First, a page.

I'm Not Normally Lost for Words

This post originally appeared on the Software Carpentry website.

I mentioned last week that I'm trying to put together a lecture on packaging and installation. It's proving harder than I expected: I'm not normally lost for words, but I'm struggling to get these ones to come together. My goal is to help people understand what happens when they install software on a computer, so that they can:

  1. diagnose and fix problems when things go wrong;
  2. understand why the things that are in packaging tools are there, and how to use them.

After a few false starts, I think the best way to do this will be challenge/response, i.e., trace the evolution of a typical scientific software package from a single Python file shared by email to a mix of Python and C that plays nicely with distutils2. Steps I've identified are:

  1. A single-file Python script that I email to my labmates whenever I make changes to it.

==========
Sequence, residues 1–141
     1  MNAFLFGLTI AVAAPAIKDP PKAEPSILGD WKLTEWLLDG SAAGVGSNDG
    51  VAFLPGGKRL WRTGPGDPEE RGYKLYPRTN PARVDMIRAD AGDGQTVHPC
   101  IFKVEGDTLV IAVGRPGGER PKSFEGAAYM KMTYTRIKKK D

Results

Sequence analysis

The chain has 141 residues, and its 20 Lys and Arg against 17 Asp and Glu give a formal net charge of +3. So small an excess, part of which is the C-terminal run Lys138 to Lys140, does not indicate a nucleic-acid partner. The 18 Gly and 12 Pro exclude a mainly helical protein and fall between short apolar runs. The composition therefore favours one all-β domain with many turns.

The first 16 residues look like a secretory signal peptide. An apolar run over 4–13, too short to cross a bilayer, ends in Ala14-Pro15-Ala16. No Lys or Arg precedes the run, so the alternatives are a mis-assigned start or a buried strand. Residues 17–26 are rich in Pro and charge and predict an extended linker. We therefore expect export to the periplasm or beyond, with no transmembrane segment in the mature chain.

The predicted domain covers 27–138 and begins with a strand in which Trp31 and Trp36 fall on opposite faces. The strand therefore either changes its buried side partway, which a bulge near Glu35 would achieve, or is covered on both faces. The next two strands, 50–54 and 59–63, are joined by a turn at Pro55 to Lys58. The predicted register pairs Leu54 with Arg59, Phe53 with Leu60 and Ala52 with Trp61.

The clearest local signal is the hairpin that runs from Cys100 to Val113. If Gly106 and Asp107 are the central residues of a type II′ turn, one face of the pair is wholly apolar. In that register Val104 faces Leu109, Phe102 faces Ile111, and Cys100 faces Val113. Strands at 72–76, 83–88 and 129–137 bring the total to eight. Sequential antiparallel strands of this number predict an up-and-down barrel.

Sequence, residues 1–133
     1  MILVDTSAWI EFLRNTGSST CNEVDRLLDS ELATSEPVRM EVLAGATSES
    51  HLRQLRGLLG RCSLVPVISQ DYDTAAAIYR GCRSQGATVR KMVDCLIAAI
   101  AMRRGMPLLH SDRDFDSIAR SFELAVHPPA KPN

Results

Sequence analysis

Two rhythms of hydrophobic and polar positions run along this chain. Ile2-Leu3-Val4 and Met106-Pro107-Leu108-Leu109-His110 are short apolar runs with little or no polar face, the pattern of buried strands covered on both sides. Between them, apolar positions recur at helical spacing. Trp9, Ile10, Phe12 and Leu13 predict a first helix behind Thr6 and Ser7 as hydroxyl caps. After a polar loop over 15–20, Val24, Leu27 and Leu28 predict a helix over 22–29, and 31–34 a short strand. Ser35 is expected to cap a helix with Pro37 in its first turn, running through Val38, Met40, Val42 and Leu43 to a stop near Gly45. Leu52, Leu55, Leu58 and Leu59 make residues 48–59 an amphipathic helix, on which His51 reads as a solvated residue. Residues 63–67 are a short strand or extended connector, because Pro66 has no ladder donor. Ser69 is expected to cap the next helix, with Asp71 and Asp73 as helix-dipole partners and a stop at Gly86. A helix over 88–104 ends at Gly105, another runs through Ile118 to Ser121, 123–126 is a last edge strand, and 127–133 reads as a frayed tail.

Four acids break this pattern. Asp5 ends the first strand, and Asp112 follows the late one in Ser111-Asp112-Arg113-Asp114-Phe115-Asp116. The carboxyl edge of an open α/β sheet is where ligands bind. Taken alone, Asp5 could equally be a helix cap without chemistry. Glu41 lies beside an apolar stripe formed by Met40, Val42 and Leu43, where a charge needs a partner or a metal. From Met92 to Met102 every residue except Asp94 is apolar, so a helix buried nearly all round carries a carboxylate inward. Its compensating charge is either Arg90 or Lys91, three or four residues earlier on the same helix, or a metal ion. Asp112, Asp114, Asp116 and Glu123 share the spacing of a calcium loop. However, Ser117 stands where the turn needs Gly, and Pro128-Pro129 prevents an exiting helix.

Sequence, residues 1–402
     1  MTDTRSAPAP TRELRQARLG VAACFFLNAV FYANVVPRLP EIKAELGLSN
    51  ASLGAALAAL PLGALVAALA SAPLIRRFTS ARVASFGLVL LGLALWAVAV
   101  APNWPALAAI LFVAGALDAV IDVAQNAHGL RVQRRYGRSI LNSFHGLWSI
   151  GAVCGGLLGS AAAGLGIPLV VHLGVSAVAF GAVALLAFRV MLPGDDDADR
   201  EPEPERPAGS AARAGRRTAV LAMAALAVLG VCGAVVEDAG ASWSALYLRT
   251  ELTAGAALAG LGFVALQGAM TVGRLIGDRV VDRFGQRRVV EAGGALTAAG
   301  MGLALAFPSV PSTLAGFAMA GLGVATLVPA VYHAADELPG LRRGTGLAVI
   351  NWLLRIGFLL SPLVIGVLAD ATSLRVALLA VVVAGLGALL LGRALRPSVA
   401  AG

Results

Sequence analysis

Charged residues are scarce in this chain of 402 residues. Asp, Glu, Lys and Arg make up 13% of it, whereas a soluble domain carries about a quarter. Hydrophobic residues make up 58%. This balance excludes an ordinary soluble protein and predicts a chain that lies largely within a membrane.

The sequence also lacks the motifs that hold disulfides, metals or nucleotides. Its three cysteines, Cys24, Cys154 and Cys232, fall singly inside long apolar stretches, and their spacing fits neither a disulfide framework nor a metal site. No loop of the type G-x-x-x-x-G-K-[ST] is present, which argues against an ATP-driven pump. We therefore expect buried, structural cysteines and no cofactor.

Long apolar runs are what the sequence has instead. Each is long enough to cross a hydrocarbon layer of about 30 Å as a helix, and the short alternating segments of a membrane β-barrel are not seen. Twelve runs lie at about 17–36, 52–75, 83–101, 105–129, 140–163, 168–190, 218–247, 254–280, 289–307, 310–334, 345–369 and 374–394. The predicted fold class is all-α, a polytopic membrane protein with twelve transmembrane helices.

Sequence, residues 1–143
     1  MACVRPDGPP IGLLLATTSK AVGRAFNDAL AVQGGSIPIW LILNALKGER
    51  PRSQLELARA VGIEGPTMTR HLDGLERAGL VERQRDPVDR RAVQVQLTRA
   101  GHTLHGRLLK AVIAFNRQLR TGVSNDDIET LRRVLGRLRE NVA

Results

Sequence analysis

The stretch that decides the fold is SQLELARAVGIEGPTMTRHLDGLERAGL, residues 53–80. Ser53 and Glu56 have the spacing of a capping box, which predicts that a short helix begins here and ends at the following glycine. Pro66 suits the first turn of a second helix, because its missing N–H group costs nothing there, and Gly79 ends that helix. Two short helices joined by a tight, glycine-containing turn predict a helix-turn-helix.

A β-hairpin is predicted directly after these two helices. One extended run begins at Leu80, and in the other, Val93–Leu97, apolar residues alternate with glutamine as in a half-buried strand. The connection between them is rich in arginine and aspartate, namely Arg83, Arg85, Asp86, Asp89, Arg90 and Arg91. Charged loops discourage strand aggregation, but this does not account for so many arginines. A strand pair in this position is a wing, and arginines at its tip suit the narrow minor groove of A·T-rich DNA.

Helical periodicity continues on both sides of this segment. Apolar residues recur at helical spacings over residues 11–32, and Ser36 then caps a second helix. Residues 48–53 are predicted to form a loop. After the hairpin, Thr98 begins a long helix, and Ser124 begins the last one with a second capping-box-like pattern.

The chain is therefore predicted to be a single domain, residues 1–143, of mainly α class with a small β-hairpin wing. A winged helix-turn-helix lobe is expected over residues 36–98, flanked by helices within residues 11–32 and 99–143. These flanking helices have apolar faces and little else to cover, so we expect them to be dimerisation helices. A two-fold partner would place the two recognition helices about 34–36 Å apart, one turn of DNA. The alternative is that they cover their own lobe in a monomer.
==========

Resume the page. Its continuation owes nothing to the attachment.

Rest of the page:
2. Adding a version number to that file so that I can keep track of which copy someone has (see the essay on provenance for details).
  3. Splitting that file into multiple Python files and putting them in a directory with an __init__.py file to make a package, and distributing the result as a gzip'd tar file (again, by email).

What are the next steps? At some point this lecture will have to explain PATH and PYTHONPATH, what .so and .dll files are, what /etc, .rc files, and the Windows registry are... How do I get there from here? What steps have your projects gone through, and in what order?

Later: just to clarify, challenge/response is a teaching style in which you introduce a simple problem, demonstrate a simple solution, point out a flaw or shortcoming in that solution, show how a slightly more complex solution addresses the flaw, and repeat. It's similar to Lakatos' "proofs and refutations", and I find it a good way to help people understand why complex things are complex.

Dialogue & Discussion

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